Tips for Riders

• If you miss the 9H00 starting time at Eglinton and Laird (north-west corner by Starbucks coffee shop!), the group passes by the Bayview subway station on the Sheppard Line at about 9H15

• Many riders from the “north" meet at the Petro Canada gas station at Yonge Street and Crestwood Rd. (just north of Steeles Ave.) The ride picks them up about 9H30.

• In-city, speeds are fairly low, but as the pack builds it becomes large enough to essentially safely "ignore" traffic lights/signals and settle into a steady mid-30 km/h.

• Once the ride exits the city, around Highway 7 and Highway 407, the speed quickly picks up into the high 40+ km/h.

Sometimes, a final group ("the Italians" and others), mostly from the western side of the city, joins at the corner of Langstaff Road and Keele Street, at about 9H45.

• The pack normally starts to split up on Keele Street, where a series of rolling hills drops the slower riders, who form their own bunches to continue. (The groups pass by Major Mackenzie Drive West and Keele Street intersection at about 10H00.)

Those who feel (are?) younger and/or more adventurous, turn left (west) at Teston Road then north at Jane Street for a further 20-30 km ride before turning south toward Oak Ridges.

 The various groups re-assemble at Grandma's Oven in Oak Ridges at about 10H45 for a "leisurely consumption" of the best cheese- or chocolate-danish anywhere, good coffee and/or cappuccino, and lots of conversation.

 At about 11H00, the group starts its return trip. It's easier to hang in with the group on the return portion of the ride, which is downhill and frequently has a tailwind – allowing the péloton to attain speeds of 45-50 km/h.


_______________________

 Why Is Riding with a “Cyclist Mentality” Dangerous?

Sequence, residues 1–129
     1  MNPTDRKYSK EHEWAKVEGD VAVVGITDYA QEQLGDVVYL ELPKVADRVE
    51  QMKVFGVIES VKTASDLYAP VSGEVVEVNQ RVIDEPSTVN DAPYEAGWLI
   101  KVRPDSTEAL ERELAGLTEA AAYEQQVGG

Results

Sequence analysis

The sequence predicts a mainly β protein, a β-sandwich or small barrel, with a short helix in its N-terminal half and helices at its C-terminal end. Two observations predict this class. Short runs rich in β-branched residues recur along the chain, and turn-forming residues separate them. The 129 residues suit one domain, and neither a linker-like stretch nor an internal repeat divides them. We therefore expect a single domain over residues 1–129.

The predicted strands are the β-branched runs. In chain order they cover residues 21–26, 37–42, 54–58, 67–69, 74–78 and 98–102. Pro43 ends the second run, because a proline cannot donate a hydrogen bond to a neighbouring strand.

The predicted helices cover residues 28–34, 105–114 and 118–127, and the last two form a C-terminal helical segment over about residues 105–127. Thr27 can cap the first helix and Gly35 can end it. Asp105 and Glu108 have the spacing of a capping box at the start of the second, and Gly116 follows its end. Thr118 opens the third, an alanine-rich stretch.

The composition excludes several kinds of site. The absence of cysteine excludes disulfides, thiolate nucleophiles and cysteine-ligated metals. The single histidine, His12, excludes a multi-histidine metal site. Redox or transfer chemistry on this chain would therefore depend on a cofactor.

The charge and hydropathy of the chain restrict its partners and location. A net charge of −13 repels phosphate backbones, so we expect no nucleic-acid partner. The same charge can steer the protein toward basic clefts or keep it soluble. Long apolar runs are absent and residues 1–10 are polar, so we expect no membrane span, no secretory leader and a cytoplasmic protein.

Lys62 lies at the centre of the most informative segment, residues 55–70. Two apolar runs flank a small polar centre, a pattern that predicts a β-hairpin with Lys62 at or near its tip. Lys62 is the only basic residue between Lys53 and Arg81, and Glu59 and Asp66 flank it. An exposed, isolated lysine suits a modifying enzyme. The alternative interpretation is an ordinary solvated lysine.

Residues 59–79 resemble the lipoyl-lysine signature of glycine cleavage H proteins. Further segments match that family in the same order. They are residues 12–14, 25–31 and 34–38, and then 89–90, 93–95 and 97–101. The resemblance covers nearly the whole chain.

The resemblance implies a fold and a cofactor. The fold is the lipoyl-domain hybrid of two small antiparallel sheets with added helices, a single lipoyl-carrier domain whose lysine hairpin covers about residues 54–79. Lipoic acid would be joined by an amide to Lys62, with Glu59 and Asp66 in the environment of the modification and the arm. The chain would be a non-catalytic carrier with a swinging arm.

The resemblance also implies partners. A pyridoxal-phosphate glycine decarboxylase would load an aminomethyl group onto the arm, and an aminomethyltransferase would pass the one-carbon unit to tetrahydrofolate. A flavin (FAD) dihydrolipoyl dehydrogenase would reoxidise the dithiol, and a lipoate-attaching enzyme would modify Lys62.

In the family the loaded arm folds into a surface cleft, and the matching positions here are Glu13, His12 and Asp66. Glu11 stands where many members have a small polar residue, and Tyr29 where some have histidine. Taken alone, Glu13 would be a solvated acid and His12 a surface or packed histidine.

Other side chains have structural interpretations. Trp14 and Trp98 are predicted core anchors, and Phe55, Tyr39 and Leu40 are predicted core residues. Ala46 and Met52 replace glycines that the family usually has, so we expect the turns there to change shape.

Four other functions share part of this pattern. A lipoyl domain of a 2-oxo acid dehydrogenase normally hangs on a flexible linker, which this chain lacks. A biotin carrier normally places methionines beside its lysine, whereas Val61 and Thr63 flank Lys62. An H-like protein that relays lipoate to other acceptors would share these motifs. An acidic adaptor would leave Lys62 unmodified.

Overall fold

Robert WilhtehRoadBikeRider.com (August and September 2020)
Long time American coach shares his “realities” based on years of riding and coaching.
Part 1 ; Part 2 . 

• John Allen has an excellent on-line tutorial called Bicycling Street Smarts

• John Forester’s book Effective Cycling explains how to ride in all kinds of conditions: on congested city streets, busy highways, winding mountain roads, day or night, rain or shine. It also goes into detail about how to choose a bicycle, maintain it, and use it in the most efficient manner.

• The League of American Bicyclists has an excellent set of Smart Cycling Videos.

What Should Be in a Seat Bag? Should you carry nothing, a spare tube and tire levers, or an entire mobile bike workshop?

Washing Instructions Cycling garments are too expensive to be ruined in the wash. Follow these instructions to ensure your kit(s) stay(s) fresh and colourful a long time.

Read Group Ride Etiquette (velonews.com, Feb. 7, 2016) for a refreshing look on how to behave in a group ride and the legal ramifications of acting like a fool. 

 Bicycle Riding Safely in a Group.  A quick reminder/review of how to best riding in a group safely.(.pdf)

• What to do if you’re are hit? Get informed, read: What to do if you’re hit by a car? (Bob Mionske, velonews.com, September 1, 2015)

• Consult also Advance Group Riding Primer in the Articles section of this site for a comprehensive discussion on becoming a better bicycle rider.

 • We can all use a reminder from time to time of all the intricacies that add up to safe, fun road riding. So, read Paceline Rules to Remember for a re-fresher course.

• 29 Pro Cycling Secrets for ROADIES an e-book published by RoadBikeRider.com.

 • Top 5 Tips When Riding in a Group. A quick discussion of five crucial actions that all road riders should remember and follow when riding in a group. 

 • Cold and wet weather in winter makes cycling more difficult to do. Dr. Wiroth gives you advice on how to continue your training in other disciplines so that you can easily get back in the saddle in the spring.

Updated: July 18, 2020

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